When most people think of charities, they envision a group of people interested in making a difference in a particular aspect of people's lives. One charity may dedicate itself to curing disease or helping the sick, while another might focus on protecting the environment. One group might work with children to help them improve their education, and still another could try to solve the problems that the elderly face. It's easy to categorize different charitable organizations by the mission that they seek to accomplish.
However, any given community, no matter how large or small, has many different needs that various charities can address. In order to foster the sense of community in charitable giving, charities known as community foundations have come into being. As the non-profit equivalent of locally based businesses, community foundations can give donors the flexibility to pinpoint their philanthropic efforts on whatever needs their community may have over time.
How community foundations work
The first community foundation was created in 1914 in Cleveland, and by the end of the decade, several other major cities had community foundations of their own. Today, there are about 650 community foundations in the United States, and the idea has begun to spread around the world as well.
Community foundations have a number of valuable features that you won't always find with a charitable organization. Because community foundations are essentially local entities, they have deep roots within the particular community they serve. Both community foundation employees and the outside professional advisors that work with community foundations have a wide range of expertise in assisting prospective donors to get the most from their giving. In recognizing the unique motivation that each donor has in making a gift, community foundations pride themselves on providing personalized service and tailoring solutions to each individual donor's particular needs.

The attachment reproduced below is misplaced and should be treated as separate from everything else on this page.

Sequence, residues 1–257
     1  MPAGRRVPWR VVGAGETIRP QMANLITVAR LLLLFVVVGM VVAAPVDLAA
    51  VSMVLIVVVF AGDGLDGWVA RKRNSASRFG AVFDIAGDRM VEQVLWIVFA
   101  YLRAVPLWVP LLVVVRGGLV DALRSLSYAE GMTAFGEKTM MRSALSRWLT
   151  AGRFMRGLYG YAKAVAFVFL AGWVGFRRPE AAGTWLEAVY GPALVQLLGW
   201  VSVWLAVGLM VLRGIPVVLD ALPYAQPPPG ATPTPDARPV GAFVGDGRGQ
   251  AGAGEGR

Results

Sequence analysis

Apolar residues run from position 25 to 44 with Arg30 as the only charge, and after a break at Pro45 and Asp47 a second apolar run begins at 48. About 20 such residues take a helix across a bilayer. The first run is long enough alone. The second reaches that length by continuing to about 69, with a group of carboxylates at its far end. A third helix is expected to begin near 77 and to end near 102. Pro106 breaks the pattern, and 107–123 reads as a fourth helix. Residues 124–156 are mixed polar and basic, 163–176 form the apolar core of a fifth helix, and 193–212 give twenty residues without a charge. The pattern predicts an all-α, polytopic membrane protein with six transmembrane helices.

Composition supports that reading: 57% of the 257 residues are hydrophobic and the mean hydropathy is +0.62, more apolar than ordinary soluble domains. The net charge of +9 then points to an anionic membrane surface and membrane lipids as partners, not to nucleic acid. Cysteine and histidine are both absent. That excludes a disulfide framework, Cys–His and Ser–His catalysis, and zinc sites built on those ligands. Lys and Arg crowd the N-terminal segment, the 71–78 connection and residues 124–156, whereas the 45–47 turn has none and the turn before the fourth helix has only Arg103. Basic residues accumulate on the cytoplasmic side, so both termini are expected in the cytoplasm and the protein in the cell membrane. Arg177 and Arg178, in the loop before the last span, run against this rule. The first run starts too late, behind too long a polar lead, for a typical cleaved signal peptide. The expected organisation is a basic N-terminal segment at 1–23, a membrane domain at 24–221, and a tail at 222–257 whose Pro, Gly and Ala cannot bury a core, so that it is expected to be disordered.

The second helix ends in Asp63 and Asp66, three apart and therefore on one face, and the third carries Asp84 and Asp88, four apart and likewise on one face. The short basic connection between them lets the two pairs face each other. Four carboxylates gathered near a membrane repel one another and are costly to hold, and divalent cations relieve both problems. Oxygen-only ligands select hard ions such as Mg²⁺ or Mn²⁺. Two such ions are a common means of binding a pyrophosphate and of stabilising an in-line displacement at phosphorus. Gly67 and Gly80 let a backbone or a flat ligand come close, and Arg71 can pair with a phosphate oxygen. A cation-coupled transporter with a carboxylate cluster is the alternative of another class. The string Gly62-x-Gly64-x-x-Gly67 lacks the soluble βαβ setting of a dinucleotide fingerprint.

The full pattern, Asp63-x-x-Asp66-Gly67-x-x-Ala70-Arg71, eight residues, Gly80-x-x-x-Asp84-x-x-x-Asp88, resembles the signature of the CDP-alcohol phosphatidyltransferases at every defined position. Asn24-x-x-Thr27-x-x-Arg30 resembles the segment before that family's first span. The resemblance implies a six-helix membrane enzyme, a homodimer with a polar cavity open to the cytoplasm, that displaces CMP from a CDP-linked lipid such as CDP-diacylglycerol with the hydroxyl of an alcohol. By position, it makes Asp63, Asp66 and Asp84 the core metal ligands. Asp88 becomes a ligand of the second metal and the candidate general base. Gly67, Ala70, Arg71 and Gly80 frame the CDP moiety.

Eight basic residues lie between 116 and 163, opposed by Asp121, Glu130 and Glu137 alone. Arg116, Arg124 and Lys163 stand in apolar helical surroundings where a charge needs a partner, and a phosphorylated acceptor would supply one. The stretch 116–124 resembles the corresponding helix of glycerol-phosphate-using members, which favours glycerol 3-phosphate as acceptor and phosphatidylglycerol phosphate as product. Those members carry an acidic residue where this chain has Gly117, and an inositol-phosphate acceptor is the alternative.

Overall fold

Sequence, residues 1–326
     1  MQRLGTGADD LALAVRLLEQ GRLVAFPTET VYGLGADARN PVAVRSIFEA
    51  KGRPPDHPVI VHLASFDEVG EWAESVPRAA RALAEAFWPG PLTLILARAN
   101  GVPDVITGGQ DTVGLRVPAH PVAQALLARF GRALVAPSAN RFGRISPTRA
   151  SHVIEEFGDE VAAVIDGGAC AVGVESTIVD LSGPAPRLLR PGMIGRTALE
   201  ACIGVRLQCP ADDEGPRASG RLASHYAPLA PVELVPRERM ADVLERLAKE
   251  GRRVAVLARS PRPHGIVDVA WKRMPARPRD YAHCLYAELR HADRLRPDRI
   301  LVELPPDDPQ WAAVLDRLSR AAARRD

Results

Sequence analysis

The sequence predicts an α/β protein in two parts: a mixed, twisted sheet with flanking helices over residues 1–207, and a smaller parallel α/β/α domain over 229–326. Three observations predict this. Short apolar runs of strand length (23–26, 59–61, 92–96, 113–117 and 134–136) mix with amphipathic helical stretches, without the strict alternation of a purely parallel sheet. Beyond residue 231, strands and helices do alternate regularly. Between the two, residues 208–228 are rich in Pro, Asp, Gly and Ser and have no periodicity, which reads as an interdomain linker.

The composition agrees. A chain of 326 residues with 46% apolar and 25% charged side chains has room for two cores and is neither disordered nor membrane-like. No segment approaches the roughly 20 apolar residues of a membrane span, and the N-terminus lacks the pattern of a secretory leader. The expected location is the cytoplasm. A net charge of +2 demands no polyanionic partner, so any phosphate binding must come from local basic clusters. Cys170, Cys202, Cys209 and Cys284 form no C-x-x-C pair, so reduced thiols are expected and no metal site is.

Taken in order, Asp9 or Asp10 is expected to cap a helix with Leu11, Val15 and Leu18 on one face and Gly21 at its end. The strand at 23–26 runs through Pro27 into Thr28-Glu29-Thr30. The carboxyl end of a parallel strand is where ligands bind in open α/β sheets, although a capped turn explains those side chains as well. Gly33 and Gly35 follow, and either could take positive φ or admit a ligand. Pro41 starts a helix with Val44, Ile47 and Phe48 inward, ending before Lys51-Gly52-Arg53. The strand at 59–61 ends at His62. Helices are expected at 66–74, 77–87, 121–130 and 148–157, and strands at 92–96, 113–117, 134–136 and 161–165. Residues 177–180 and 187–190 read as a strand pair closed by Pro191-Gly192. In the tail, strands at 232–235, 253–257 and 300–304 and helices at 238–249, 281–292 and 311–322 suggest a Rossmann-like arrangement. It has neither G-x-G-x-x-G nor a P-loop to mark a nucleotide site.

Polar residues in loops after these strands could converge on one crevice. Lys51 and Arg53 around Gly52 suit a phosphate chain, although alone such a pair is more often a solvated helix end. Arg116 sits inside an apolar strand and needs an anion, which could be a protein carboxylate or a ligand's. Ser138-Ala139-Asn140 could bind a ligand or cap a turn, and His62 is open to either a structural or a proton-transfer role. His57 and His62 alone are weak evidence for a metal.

Advantages of community foundations
There are a number of ways in which community foundations can achieve results that typical charities cannot. Community foundations generally provide a one-stop shop for donors who want their gifts to have an impact throughout their communities; a donor can make arrangements with a community foundation that leave the donor flexibility in the timing and distribution of gifts to particular target charities. Also, while smaller charities may be unfamiliar or uncomfortable with taking certain types of unusual assets as donations, such as appreciated stock, real estate, collectibles, and other property that is difficult to convert to cash, community foundations usually have the experience and contacts necessary to help donors and charities unlock the value of unusual gifts.
Also, by providing a clearinghouse for donations, community foundations can gather contributions from multiple donors and put them together into a single fund, creating a more substantial effect on the community. By coordinating grants, matching funds, and other resources, community foundations can tap into every available source of funding for a given cause.